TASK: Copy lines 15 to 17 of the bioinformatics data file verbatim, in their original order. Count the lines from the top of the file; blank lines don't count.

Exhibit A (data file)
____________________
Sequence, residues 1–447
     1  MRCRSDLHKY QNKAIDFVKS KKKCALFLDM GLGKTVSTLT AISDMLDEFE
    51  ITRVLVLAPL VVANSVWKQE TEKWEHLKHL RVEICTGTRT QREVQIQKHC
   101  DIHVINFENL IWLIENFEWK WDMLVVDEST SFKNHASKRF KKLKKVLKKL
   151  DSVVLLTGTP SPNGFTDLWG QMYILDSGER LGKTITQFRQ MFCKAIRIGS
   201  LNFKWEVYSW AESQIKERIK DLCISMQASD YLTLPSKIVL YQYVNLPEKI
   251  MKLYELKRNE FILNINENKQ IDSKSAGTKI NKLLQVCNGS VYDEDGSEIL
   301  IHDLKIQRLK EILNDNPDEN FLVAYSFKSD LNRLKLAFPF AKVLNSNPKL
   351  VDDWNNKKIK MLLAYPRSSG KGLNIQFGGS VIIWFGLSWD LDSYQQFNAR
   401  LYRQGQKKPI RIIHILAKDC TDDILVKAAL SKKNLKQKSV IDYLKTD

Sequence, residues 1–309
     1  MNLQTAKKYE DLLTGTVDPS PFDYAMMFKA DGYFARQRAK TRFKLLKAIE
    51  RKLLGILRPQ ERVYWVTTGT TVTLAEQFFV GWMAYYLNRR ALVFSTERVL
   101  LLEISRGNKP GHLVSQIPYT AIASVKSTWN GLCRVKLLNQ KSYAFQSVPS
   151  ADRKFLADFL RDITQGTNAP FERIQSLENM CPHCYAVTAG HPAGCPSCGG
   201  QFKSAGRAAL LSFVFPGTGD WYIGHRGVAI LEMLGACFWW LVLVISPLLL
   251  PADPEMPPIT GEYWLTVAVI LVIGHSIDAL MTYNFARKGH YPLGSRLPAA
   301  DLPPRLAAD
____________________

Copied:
   151  ADRKFLADFL RDITQGTNAP FERIQSLENM CPHCYAVTAG HPAGCPSCGG
   201  QFKSAGRAAL LSFVFPGTGD WYIGHRGVAI LEMLGACFWW LVLVISPLLL
   251  PADPEMPPIT GEYWLTVAVI LVIGHSIDAL MTYNFARKGH YPLGSRLPAA